Willem is a wildlife artist based in South Africa. He says "My aim is simply to express the beauty and wonder that is in Nature, and to heighten people's appreciation of plants, animals and the wilderness. Not everything I paint is African! Though I've never been there, I'm also fascinated by Asia and I've done paintings of Asian rhinos and birds as well. I may in future do some of European, Australian and American species too. I'm fascinated by wild things from all over the world! I mainly paint in watercolours. . . but actually many media including 'digital' paintings with the computer!"
This time I feature a species of monkey that is not at all well-known: the Drill, Mandrillus leucophaeus. It has a much-better-known relative, the Mandrill, Mandrillus sphinx. The mandrill is one of the most spectacular of all primates, and is often represented in art and photography and frequently seen in zoos. Compared to the mandrill, the drill is not quite as spectacular, and yet, it is a very striking and imposing monkey.
Extreme Sexual Differences
The drill, like the mandrill and a few other kinds of monkey, displays a very marked degree of sexual dimorphism – meaning that the males and females look and behave very differently. The male drill is, first of all, much larger: he can exceed 30 kg/66 lbs while the females are up to 15 kg/33 lbs. But his size is exaggerated by a mane of hair over his head, neck, shoulders and chest. Like many baboons and related monkeys, drills have bare buttocks and rumps, which are pinkish in the female but bright red, blue and purple in the male. The male drill also has a bare, red-pink patch of skin on his inner thigh. His genitals are bright red and blue.
The other end of the male drill is not quite as vivid but also visually striking. Unlike the bright blue-and-red face of the mandrill, the face of the drill is uniformly black, relieved only by a bright red lower lip. The male drill also has prominent ridges to the side of his nose, but they are not grooved like those of the mandrill. The drill has wide black 'cheeks' to the side of his face, beyond which the face is surrounded by a white ruff. The white and black combination is very visually prominent, making a male drill identifiable and visible over a great distance in the forest interior. Indeed, the male drill is easily visible no matter which direction he is facing.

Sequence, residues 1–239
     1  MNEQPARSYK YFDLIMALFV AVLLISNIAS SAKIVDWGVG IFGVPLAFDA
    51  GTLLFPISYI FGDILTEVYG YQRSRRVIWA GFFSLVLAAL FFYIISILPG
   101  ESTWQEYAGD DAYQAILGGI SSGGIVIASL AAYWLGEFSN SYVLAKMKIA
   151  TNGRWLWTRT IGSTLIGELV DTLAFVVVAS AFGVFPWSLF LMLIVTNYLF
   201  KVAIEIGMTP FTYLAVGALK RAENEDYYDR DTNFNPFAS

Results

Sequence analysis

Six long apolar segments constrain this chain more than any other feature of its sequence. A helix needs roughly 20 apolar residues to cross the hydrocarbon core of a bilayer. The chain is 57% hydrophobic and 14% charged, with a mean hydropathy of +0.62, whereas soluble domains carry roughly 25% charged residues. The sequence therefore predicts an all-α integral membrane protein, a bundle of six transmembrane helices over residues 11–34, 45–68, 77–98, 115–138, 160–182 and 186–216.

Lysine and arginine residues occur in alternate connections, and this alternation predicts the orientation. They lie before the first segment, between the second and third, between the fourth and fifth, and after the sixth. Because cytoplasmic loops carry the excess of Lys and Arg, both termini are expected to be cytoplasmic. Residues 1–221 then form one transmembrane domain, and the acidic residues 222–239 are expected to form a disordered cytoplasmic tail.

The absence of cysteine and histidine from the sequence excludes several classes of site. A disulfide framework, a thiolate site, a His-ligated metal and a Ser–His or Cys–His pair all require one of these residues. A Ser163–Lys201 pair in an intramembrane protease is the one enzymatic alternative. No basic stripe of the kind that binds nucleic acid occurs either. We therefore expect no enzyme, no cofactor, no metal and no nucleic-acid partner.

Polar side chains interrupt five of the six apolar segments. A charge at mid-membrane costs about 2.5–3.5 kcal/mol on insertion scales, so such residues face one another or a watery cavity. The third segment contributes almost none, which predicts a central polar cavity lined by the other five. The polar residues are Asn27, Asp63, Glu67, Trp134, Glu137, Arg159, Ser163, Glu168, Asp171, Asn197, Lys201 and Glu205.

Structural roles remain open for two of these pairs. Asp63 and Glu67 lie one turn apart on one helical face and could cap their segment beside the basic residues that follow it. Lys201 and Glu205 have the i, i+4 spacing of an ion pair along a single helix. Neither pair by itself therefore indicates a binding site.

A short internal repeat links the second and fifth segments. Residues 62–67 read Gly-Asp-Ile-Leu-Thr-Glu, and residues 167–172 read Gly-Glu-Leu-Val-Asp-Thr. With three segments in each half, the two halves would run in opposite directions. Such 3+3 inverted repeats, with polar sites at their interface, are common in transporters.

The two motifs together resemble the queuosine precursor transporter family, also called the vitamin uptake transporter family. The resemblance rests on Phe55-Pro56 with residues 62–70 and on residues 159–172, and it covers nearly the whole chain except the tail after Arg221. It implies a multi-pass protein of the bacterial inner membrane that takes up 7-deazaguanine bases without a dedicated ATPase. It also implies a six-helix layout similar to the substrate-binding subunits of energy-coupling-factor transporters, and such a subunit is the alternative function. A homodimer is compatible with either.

By contrast, the female drill is just a dull greyish-brown baboon-like monkey with a naked, blackish face. The grooves around her nose are much smaller and less pronounced than those of the male. In build she is much more slender, without the conspicuous mane. Male and female drills both have tails reduced to just a short stump. Although their almost-tailless appearance make them similar to apes, they are monkeys, quite closely related to baboons.
While the other baboons generally live in open country like savannah or (in the case of the Gelada) mountain grassland, the drill and the mandrill live in dense forests. They are still ground-living, spending most of the time feeding on the forest floor. They can climb trees, though, and will flee into them to escape from threats from below such as leopards. They will occasionally move out into open forest patches interspersed with grass.
Still, drills resemble the other baboons in being generalist feeders. They will take fruit, both from the tree or from the ground; they'll gather edible mushrooms; they'll dig for roots; they will take invertebrates like worms, snails, termites and spiders as they find them; they will also catch rodents, birds, lizards and other small vertebrate animals, and take the eggs of birds and sea turtles. They will also eat leaves, shoots and flowers.